Flashcards in Acid base balance 1 Deck (31):
What is the pH equation?
pH = log 1/hydrogen
pH is a measure of what?
Unbound hydrogen ions and thus the acidity or alkalinity of a solution
Which is more acidic venous or arterial blood and why?
Venous blood due to the presence of carbonic acid
What is the normal pH range of blood?
Big changes in pH reflect big changes in hydrogen ion concentration. T/F
False - small changes in pH reflect big changes in hydrogen ion concentration
Why is it important to regulate hydrogen ion (i.e pH) levels?
Hydrogen ions affect:
- Enzyme activity
- Nerve activity
- Potassium levels
How does nerve activity change with differing levels of hydrogen ions?
Increased hydrogen - depression of CNS
Decreased hydrogen - overexcitibility of peripheral NS (--> CNS)
Hydrogen is continually added to the body via three main mechanisms. List them
Carbonic acid formation
Inorganic acids from nutrient breakdown (e.g meat protein)
Organic acids from metabolism
How can diabetes mellitus cause an acid base imbalance?
Glucose cannot be broken down so must switch to fat metabolism >
Increased production of ketoacids >
Weak acids dissolve partially in solution. Write this equation
Undissociated weak acid --> hydrogen ion/proton + base
Explain a buffer system
Pair of substances where one dissociates to give hydrogen (in deficit) and the other combines with hydrogen (in excess)
If acid is added to a buffer system which way does equilibrium shift?
Acids provide hydrogen which combines with the base to form an undissociated acid (thus equilibrium shifts to the left)
If base is added to a buffer system which way does equilibrium shift?
Base combines with hydrogen forcing more undissociated acid to dissociate (thus equilibrium shifts to the right)
What is the dissociation constant pK? What is it's equation?
pH at which equilibrium is reached. pK = -log K (where K is the right part of the buffer system over the left)
Write the henderson hasselbach equation
pH = pK + log [base/acid]
What is the most important physiological buffer system?
Carbon dioxide and bicarbonate
Which enzyme is responsible for converting carbon dioxide and water into carbonic acid?
What version of the henderson hasselbach equation do we use with regard to physiological buffers?
pH = pK + log [bicarb/(solubility coefficient x partial pressure of carbon dioxide) ]
What makes the carbon dioxide and bicarbonate buffer system so important?
Bicarb is controlled by the kidneys
Carbon dioxide is controlled by the lungs
Interplay allows for precise control
By which two methods does the kidney control bicarbonate levels?
Changes in reabsorption of filtered bicarbonate
Addition of "new" bicarbonate to the blood (i.e higher concentration of bicarb in the renal veins than in renal arteries)
What is the kidney control of bicarbonate levels dependent on?
Hydrogen ion secretion into the kidney tubules
How is bicarbonate reabsorbed in the proximal tubule?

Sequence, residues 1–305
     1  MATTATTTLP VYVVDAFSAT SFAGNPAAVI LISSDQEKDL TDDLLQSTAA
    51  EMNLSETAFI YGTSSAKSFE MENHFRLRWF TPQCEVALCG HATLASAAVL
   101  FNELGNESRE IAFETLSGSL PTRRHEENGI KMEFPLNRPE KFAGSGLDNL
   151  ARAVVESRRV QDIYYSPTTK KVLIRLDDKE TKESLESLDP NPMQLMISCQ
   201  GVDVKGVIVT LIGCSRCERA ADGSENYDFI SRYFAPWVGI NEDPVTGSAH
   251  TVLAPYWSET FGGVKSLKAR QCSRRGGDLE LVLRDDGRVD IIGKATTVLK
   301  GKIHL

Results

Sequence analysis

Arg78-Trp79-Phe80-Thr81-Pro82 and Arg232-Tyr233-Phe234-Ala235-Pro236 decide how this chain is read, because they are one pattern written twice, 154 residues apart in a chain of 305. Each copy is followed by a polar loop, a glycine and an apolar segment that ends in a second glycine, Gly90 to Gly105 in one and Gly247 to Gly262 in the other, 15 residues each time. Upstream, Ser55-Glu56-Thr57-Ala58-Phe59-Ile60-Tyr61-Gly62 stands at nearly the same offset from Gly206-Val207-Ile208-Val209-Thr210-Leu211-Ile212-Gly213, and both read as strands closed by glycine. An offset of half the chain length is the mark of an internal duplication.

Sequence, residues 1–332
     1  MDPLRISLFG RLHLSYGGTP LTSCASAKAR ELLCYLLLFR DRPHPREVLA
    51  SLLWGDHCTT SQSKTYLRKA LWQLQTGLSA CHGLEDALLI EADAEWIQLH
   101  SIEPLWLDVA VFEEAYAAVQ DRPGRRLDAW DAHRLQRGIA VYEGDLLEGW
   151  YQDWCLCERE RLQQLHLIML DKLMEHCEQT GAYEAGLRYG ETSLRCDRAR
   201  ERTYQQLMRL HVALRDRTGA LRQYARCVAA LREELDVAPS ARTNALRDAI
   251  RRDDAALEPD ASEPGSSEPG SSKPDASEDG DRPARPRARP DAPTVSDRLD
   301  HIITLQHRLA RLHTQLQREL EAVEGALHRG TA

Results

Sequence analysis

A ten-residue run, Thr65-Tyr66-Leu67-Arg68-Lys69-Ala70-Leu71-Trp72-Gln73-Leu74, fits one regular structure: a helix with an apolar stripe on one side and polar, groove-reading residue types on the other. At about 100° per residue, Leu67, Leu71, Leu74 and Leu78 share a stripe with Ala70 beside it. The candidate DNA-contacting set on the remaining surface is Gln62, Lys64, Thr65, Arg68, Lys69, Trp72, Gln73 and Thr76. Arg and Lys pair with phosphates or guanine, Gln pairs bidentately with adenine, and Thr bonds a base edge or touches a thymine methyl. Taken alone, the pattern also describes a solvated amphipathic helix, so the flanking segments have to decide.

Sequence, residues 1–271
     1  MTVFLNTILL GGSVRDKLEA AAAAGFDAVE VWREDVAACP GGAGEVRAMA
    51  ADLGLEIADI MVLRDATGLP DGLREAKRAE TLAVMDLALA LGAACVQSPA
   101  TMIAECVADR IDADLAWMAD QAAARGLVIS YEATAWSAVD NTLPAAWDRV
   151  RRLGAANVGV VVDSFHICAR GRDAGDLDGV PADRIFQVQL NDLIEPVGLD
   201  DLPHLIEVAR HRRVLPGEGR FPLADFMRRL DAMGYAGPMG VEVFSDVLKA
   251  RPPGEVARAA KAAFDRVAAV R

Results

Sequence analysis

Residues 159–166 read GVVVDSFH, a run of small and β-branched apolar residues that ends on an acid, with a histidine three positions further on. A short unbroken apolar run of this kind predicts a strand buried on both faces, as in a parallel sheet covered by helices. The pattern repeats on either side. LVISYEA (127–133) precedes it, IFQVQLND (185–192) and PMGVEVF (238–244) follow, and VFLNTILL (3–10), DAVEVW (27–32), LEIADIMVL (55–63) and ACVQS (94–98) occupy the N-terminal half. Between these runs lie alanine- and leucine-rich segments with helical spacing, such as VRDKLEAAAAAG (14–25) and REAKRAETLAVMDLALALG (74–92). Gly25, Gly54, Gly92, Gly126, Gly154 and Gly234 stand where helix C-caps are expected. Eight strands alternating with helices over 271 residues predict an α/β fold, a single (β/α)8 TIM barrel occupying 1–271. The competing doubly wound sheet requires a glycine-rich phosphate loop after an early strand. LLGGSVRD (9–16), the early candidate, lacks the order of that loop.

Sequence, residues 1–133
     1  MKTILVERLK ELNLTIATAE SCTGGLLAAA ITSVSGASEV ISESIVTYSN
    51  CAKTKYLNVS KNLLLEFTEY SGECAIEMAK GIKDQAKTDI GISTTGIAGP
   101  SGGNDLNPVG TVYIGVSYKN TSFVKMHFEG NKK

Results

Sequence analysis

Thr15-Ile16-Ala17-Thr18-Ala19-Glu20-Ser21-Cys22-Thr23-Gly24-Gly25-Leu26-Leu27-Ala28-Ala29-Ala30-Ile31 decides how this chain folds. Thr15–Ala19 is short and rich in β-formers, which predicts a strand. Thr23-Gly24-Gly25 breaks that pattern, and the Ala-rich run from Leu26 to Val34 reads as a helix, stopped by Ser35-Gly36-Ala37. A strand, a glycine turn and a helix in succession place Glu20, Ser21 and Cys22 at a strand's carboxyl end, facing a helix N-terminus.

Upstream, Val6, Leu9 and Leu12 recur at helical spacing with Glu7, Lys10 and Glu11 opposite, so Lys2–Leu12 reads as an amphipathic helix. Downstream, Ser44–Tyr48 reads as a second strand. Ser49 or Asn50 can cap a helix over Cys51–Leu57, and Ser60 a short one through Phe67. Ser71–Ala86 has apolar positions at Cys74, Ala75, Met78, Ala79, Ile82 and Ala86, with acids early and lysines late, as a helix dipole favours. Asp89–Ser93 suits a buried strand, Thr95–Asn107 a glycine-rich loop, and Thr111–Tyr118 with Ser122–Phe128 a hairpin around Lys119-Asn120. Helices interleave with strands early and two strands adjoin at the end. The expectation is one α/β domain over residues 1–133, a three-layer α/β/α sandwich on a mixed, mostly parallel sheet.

It must be indirectly reabsorbed:
Carbon dioxide (from interstitium) and water (from tubular fluid) combine within the tubular cells to form carbonic acid >
Carbonic acid dissociates into bicarbonate and hydrogen >
Bicarbonate already within the tubular cell leaves at the basolateral membrane via the sodium bicarbonate cotransporter >
Hydrogen ions secreted into the tubular fluid via sodium hydrogen exchanger >
Bicarbonate in tubular filtrate combines with the hydrogen ions to form carbonic acid >
Carbonic acid dissociates into water and carbon dioxide and water enters the tubular cells
Hydrogen ion secretion is driven by the partial pressure of carbon dioxide. T/F
True - increase in partial pressure causes increase in hydrogen secretion
What do hydrogen ions combine with when bicarbonate in the tubular fluid is low?
Phosphate (next most plentiful buffer)
Which primary active transport mechanisms are present in the collecting ducts?
Hydrogen potassium ATPase
How does phosphate act as a tubular buffer?
Hydrogen ions which are being pumped from the tubular cell via the sodium hydrogen exchanger combine with phosphate >
Formation of dihydrogen phosphate ion >
Acidic ion is excreted >
Net gain of two "new" bicarbonate ions
What is titratable acid? How is titratable acid measured?
Hydrogen excreted as the dihydrogen phosphate ion.
Measure the amount of strong base needed to bring the pH of the urine back to normal
How does ammonia act as a tubular buffer? When does ammonia start being used as a buffer?
Glutamine from the liver is broken down to ammonia by glutaminase >
Ammonia enters the tubular fluid >
Hydrogen ions which have been pumped from the tubular cell via the sodium hydrogen exchanger combine with ammonia >
Ammonium is formed >
Ammonium is excreted >
Net gain of two "new" bicarbonate ions
When all the phosphate has been used up
Is ammonium a titratable acid?
What does hydrogen secretion from the kidney tubules do?
Drives reabsorption of bicarbonate
Forms acid phosphate (dihydrogen phosphate ion)
Forms ammonium ion